Even in the depths of winter, or the most troubled of times, there will be a few usual suspects in the garden that can worm their way into your heart. By Margaret Simons.

Winter’s bounty

A basket of wild herbs and edible flowers, including chickweed and mallow.
A basket of wild herbs and edible flowers, including chickweed and mallow.
Credit: Sandra Roesch / Alamy

A weed is a plant in the wrong position, the saying goes. So I shouldn’t complain that when the rest of the garden is entering its most boring, dormant season the chickweed is going berserk, looping over all the pots, dangling from the hanging baskets and tangling the stems of the brassicas. Life springs eternal, it seems, but not necessarily the life we want.

The chickweed grows between my sulky lettuces and clambers up the broad beans. It doesn’t mind the cold, and its seeds apparently survive the animal warmth of the compost heap, since my tubs of homemade potting mix assembled from compost, sand and coconut fibre spring chickweed before any other plant can get a start.

They call it chickweed because chickens like to eat it, according to the new “what plant is that” app I have on my phone. Would that I could keep chickens in my tiny backyard patch. I have thought about it. The neighbours exercised a veto.

Apparently, according to the app, chickweed is good for more than chickens. You can stir-fry it or steam it like spinach. That is worth knowing in these troubled times. I am not sure whether it is reassuring or troubling to realise that in times of extremis, a weed might be in exactly the right position – that is, everywhere.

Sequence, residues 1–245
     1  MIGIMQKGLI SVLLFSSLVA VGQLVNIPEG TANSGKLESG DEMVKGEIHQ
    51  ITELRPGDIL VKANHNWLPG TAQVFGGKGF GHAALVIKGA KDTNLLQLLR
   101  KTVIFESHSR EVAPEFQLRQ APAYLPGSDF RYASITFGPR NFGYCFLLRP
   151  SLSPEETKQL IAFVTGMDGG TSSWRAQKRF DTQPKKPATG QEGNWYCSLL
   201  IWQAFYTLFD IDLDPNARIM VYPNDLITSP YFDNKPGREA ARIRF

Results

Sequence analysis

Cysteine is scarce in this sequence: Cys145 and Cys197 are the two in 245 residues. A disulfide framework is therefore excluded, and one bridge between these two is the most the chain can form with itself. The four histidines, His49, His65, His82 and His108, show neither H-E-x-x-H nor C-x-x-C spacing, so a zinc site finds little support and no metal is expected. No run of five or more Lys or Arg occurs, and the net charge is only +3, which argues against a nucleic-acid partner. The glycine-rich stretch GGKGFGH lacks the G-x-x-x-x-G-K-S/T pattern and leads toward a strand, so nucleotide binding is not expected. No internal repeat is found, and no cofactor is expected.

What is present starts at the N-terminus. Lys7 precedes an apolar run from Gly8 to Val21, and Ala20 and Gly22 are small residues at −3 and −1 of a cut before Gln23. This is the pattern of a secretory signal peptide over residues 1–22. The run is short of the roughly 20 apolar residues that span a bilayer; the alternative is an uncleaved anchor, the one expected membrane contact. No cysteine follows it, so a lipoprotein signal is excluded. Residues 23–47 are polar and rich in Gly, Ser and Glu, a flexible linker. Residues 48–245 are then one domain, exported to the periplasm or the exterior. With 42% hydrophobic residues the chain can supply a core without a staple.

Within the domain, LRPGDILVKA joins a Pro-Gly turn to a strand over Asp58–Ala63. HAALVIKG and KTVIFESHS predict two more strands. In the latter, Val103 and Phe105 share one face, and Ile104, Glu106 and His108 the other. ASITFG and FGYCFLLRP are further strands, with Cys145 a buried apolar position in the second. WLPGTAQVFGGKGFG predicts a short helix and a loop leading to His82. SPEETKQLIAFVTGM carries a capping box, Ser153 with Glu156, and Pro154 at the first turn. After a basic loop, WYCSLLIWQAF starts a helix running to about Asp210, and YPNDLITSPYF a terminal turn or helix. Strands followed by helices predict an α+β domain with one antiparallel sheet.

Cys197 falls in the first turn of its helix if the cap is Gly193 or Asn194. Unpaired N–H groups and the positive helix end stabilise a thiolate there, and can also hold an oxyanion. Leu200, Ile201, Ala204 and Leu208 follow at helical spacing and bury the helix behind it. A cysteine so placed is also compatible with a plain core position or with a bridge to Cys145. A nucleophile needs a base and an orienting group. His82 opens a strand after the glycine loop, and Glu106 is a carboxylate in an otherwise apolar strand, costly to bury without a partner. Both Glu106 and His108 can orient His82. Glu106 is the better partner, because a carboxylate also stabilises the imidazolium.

You can also eat mallow – that lobe-leaved plant, slightly resembling geraniums, that grows in every lawn, neglected laneway and bitumen crack. You can dry it and toast it or use it as tea, or in soup to give it body. So says the app.

The preppers – who earn their name for always being prepared for calamity, and who have a right to feel smug in these frightening times – like to pack sachets of dried food in their survival supplies. There are noodles and commando biscuits and nutritious rusks. There is a booming business, I am told, in joyless eating.

But I was squeezing food plants into every available corner before it became a lockdown response to crisis. So I have been pulling out, mulching over and swearing at chickweed and mallow for many years.

I cannot imagine an apocalypse without them. We may traverse denuded landscapes, grizzled and alone. JobKeeper may be denied us. But there will surely be chickweed and mallow.

Call it a cliché or call it an archetype. The rounds of the seasons give us one of the reliable metaphors of human storytelling. We know the deal: hope comes in spring, ripeness in summer, sadness in autumn and stoicism or death in winter.

Gardening keeps me sane, so winter will be tough, because there isn’t much to do in the garden. But watch me make busy!

In April, I planted garlic – now sprouting, but not due to form interesting bulbs until summer. The marigolds I sowed in March are flowering, and make orange fists of colour against the winter grey. Soon they will need dead-heading, and then there will be no colour in the garden. The daffodil bulbs went in at the same time as the garlic. Last weekend, I scuffed the dirt off one of them to make sure it was doing its thing.

Sure enough, under the soil there was the stiff white tumescence of first shoot, but it will be weeks before it pokes above the soil and develops into the sappy yellow herald of spring.